Organic seed choice PFI Field Day with Tyler Franzenburg
Tyler Franzenburg grew up helping his dad, Greg on this 80-acre diverse farm that has been in organic production since the late 1990s. As host of the field day, Tyler chose to showcase certified organic seed choices, rotational grazing, extended crop rotations (the method of natural fertility and pest control), and custom manure injecting equipment. 28 folks turned out to listen and learn. Not many farms are left in Iowa that are quite like the Franzenburg family of Keystone.
For one thing, they use a corn picker (at left) to take the ear corn out of the field in the fall and they store it whole, on the cob. About 20 acres of corn are grown in any one year splitting the balance of the land in hay, pasture, and soybeans. Stored in an air-dried wooden corn crib with big slats in it to let the wind keep the grain dry.
“We’ve always done fine without a combine, on an acreage like ours, there isn’t enough land to justify the expense of keeping one going” remarked Greg.
Then there is the challenge of grain storage.
“We also don’t have a grain dryer on the farm, so we use what we have [the corn crib] and it works out alright,” assures Tyler.
Several head of beef cattle that are rotated like clockwork around bountiful pasture mixed with half a dozen or more species of grasses, and legumes. Animals deposit their natural fertility as they walk around consuming the sun’s energy (stored by plants as cellulose) converting to sugars and protein in their rumen. The final act of the agricultural food chain is celebrated by beef lovers in every juicy bite of steak or hamburger.
While this farm is unique, a different system of crops and weed management than what the majority of Iowa’s rowcrop acres, what is the same is family, culture, and dreams of earning a full-time wage farming. Many of the Franzenberg clan were in attendance to show support for Tyler. Cousins, uncles, brothers, and family friends who don’t necessarily farm organically, but want to listen and visit with other farmers about farm or life concerns.
Tyler is about as modest as they come. Coupled with an astute business sense, agronomic knowledge second to none, creativity, and patience, he has many of the qualities necessary to be a sustainable farmer.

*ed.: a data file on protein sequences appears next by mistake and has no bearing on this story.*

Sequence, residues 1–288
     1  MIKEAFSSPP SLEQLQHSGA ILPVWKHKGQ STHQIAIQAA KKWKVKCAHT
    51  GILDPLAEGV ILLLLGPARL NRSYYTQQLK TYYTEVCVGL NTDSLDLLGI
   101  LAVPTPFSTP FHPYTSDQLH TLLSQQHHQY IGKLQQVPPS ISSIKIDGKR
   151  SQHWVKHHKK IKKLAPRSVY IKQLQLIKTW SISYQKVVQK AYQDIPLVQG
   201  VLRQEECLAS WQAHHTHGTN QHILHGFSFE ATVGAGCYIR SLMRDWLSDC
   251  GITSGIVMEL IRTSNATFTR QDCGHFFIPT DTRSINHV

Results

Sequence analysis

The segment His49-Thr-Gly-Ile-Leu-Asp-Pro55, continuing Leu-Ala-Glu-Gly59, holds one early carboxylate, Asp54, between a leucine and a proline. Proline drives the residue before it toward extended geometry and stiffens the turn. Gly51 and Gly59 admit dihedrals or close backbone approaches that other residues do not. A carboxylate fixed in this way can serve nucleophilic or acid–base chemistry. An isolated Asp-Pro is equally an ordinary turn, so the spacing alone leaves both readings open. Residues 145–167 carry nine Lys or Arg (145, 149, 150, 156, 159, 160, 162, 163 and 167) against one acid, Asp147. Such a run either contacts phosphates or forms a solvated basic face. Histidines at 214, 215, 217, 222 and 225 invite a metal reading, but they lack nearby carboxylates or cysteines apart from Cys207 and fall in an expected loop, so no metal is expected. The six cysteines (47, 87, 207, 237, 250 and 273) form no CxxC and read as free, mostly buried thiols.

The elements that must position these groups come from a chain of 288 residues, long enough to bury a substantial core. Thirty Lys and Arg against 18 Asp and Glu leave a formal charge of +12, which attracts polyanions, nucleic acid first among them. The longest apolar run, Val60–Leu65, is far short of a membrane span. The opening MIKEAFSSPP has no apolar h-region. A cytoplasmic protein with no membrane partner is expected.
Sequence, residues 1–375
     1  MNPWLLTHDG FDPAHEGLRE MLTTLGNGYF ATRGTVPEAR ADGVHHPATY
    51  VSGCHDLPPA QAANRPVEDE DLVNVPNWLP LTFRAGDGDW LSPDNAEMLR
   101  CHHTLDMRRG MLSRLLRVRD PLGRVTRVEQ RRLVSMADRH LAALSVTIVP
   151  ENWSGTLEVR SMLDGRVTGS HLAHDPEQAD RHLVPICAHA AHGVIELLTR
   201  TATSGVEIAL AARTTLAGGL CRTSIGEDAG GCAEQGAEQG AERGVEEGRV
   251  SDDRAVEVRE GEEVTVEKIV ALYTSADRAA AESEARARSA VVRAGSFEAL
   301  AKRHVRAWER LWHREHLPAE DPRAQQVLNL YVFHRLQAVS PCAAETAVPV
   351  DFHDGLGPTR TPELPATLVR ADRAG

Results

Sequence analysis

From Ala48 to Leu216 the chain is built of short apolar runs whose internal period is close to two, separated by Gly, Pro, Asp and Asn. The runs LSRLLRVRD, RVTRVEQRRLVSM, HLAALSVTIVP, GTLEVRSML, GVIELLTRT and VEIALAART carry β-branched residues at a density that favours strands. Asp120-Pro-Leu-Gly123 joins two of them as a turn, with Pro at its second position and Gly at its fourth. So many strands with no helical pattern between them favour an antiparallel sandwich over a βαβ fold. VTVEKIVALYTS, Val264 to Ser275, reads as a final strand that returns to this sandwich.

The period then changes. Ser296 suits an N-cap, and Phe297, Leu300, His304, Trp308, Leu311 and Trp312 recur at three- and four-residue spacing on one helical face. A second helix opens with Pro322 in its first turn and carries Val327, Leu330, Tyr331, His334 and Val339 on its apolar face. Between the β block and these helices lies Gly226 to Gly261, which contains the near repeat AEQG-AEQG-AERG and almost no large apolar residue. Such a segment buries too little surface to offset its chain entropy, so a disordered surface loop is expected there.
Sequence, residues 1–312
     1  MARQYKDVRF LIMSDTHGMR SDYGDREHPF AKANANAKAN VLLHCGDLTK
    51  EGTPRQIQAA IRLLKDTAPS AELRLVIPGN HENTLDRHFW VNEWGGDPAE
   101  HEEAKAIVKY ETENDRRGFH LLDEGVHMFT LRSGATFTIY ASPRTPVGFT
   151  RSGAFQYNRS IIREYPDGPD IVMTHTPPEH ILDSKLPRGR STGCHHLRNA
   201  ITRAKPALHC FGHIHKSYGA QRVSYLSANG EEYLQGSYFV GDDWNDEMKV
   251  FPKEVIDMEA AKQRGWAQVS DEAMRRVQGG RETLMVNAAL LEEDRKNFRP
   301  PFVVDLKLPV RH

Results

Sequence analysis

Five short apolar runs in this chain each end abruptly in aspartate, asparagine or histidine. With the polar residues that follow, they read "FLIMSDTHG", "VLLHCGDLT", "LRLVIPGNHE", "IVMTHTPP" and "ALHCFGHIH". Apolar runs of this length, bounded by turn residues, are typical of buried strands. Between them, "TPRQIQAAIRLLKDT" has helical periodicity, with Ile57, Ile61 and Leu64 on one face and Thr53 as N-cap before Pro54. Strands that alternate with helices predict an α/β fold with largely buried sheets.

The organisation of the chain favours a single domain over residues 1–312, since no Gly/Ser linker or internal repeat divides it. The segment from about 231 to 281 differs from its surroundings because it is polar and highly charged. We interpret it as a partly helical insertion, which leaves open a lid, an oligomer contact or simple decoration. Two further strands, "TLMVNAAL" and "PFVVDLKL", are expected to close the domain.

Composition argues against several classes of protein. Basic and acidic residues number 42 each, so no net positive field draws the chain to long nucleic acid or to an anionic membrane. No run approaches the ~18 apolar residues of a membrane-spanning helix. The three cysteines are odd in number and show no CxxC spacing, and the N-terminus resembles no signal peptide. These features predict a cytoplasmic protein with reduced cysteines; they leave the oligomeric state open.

When prompted with the question about land base needed to farm full-time, Tyler responded, “I’d need about 200 acres to be able to earn a living farming with this organic crop and livestock model.”
But Tyler isn’t holding his breath for land access near his place. “There is too much competition among farmers for land, too much greed on all sides,” remarked one grazier in attendance.
At the moment, Tyler makes his living in the potentially dangerous business of manure management – pumping empty the 8 feet deep pits of manure that are underneath swine Confined Animal Feeding Operations (CAFOs) in the midwest.
“I consider what I do to be pretty hazardous, I mean, you can’t be in the buildings at all when we pump the pits, the gases can asphyxiate humans and pigs in seconds.”
For three months a year in the fall, Tyler works 14 hours a day pumping and injecting manure into rowcrop fields – a valuable fertilizer product for farmers.On hand was Tyler’s equipment that he uses to pump, and inject manure into fields. Af left, Tyler explains the importance of having two pumps to really agitate the pits well.
Tyler also demonstrates a keen sense of agronomy, acting as a certified crop advisor and a seed salesperson for Blue River Hybrids.
“We are here today to tell those attending and those reading about it afterwards, organic growers have options to buy organic seed, they are great yielding varieties too” emphasized Tyler.
Added PFI staffer Sarah Carlson, “If organic farmers fail to buy organic certified seed, this hurts them in the long run because they aren’t investing in breeding programs that select under organic conditions and therefore create more improved organic corn hybrids and soybean varieties for successful organic crop production.
Special thanks to Blue River Hybrids for sponsoring this field day. Also supported by the Beginning Farmer and Rancher Development Program of the National Institute of Food and Agriculture, USDA, Grant # 2010-49400-21843